Moby now knows the owners of the neighborhood grocery store and diner by name, and he even indulges in local gossip with the old widows of Beachwood Canyon when they stop him on their silk-robed missions for newspapers, mail, or emptied trashcans.

His favorite room is the pool house, “because it’s so unlike anything I would’ve expected to find in the middle of a city of 15 million people,” says Moby. “It’s quiet, and overlooks a lake and pine trees and trails.” For the L.A. winters, when the pool is less tempting, there’s a living room in the main house with a fireplace and floor-to-ceiling window that hosts cerebral “game” nights. The living room, like every enclave in the house, is a showcase of Danish Modern furniture. The kitchen has a vegan-stocked Sub-Zero and a Swedish range that appears underutilized and unnecessarily exorbitant.

He points out a framed letter on the kitchen wall: a handwritten note from Karl Rove, on White House stationery. “There’s a story behind that,” says Moby. “When my mom was in high school, she had a son and gave him up for adoption, so I have a half brother somewhere out there.

“I was in a hotel bar in 2007, talking to someone from Politico magazine, and I jokingly said to this journalist, “Well, maybe my brother is Karl Rove.” That quote made it into print, “and then a week later I get this handwritten letter from Karl Rove.” The letter reads: “Moby, it’s not me…. But James Carville is also bald—it could be him. Do you like crawfish etoufée?” Moby smiles: “A lot of right-wing Republicans, you want to hate them, but they’re actually kinda funny.”

His other wall-mounted favorites are: a black-and-white photo of Moby in a bunny suit, an original illustration signed to him from “The Simpsons” creator Matt Groening, and four original lithographs by Bono, who showed up at one of Moby’s birthday parties.

His guesthouse is his music studio.  Every room is wired with XLR, video, and headphone in/out. “So you could theoretically have an entire six-piece band, all playing in different rooms and recording at the same time,” he explains. His studio fridge is nothing but four shelves of coconut water.  The newly finished theatre beneath the guesthouse was once a speakeasy, and there’s a rumor that Bugsy Siegel spent time drinking there. When Moby bought the house, the space was a Tiki bar with a piano built into the wall.  Now it’s a stark theater space with concrete floors and matching grey walls. You could effectively torture and interrogate someone in here.  Or amuse them, depending on the lighting.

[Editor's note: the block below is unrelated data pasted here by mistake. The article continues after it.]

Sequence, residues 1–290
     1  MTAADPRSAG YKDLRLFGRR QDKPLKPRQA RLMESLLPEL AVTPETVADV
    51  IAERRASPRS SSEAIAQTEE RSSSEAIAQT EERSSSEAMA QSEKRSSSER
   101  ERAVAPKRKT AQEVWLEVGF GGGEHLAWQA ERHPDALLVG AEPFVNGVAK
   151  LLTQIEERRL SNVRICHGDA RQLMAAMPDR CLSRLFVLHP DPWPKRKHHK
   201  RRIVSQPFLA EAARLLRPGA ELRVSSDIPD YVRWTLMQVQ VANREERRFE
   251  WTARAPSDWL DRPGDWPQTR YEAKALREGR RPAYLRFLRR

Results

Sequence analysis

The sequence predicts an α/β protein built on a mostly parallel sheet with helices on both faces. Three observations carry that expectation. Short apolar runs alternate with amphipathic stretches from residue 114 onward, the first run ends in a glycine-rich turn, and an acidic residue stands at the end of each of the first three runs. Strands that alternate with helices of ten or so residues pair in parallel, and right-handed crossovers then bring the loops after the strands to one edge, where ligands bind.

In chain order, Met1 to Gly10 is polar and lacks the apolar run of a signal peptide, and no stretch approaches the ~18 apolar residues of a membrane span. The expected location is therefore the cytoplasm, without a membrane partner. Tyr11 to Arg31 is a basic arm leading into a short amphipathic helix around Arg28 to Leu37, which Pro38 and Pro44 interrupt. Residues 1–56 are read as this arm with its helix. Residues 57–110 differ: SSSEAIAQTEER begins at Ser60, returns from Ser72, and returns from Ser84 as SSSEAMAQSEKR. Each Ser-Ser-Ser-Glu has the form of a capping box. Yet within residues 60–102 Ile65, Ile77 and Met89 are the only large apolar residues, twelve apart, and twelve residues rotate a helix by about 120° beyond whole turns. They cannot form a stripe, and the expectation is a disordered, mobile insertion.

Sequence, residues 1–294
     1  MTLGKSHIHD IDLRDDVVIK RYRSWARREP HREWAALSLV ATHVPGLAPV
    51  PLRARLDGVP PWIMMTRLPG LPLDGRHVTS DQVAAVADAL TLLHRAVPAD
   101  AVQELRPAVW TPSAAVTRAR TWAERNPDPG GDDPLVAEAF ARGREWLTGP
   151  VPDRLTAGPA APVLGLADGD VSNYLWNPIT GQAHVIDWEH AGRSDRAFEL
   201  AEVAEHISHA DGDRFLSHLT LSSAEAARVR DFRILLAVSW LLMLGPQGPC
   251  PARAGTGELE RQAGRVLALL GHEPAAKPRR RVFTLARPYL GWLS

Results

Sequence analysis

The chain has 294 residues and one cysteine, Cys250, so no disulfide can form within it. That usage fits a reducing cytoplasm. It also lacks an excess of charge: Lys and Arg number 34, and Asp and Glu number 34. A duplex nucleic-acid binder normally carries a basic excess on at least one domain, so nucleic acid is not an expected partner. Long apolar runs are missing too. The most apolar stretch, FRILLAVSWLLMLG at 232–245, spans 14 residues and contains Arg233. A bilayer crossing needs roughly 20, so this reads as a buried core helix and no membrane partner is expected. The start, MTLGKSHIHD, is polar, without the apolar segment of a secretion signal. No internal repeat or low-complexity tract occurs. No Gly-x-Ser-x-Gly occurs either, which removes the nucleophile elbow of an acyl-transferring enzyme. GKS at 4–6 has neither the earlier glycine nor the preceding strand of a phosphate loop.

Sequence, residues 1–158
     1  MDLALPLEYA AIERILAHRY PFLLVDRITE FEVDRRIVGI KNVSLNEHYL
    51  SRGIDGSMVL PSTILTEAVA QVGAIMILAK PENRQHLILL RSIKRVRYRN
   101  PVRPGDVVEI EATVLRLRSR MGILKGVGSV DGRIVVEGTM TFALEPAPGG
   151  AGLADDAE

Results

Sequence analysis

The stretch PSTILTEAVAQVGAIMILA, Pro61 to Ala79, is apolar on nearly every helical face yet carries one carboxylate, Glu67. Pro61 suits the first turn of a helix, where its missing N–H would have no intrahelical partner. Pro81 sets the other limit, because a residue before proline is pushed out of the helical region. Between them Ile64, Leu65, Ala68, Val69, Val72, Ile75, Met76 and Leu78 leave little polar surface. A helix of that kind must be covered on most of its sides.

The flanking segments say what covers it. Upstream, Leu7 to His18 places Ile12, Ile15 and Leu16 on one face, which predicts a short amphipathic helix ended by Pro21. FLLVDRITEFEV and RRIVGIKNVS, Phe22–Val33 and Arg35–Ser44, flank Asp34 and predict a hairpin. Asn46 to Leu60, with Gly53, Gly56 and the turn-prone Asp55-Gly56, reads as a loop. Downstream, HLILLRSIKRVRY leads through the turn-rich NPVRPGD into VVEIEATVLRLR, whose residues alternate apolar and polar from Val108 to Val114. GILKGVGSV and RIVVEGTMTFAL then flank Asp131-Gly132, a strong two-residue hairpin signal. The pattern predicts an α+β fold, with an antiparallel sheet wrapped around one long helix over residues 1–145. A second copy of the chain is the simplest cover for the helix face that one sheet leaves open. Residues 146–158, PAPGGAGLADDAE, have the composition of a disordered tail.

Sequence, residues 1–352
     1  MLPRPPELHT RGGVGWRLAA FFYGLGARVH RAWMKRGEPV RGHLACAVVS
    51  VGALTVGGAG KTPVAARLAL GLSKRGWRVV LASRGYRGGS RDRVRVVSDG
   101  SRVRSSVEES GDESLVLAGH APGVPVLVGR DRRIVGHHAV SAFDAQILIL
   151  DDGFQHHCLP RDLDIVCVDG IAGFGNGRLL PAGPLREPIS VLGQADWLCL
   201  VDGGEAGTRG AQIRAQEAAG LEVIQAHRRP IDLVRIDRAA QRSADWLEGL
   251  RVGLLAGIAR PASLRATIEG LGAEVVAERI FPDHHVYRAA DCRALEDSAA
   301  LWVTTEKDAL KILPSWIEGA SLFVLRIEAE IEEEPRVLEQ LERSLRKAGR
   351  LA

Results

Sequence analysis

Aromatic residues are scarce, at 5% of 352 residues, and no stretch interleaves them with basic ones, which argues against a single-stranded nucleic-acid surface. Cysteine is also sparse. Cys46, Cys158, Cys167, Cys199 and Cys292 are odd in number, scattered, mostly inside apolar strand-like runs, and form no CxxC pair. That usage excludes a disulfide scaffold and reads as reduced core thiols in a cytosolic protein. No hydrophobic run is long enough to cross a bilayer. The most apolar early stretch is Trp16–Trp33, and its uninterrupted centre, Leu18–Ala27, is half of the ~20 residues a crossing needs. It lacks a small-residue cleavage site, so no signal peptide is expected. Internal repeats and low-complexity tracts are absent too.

Moby is one of those lucky musicians who made his name (and hefty income) back when people actually paid for music.  With six Grammy nods and the bestselling electronic album of all time (Play) under his belt, he now circles the globe playing music festivals (Australia, Europe, and South America are crawling with Moby fans) and the occasional fund-raiser.

In the past week, Moby attended Amazon-founder Jeff Bezos’ annual New Mexico creative retreat (where he witnessed Shirley MacLaine and Werner Herzog having a debate over which one of them was “less elitist.”) Then he flew to Mexico City to play a three-hour gig before getting back on a plane and heading home.  He’s also busy working on a new album (for a 2012 release), and expanding his web-based music share site,, which provides gratis music for independent filmmakers and film students.

For Moby, the days of waking up after wild house parties to morning-after bombs of “old cocaine residue on tables, spilled wine, and beer bottles with cigarette butts in them,” he says, are behind him.

When asked what his new fantasy house party would be, Moby says, “It would be a wedding party for me and my bride, who I was finally able to have a relationship with without having panic attacks.” He takes a pause, still Manhattan-y self-deprecating after all. “That’s my big sissy answer.”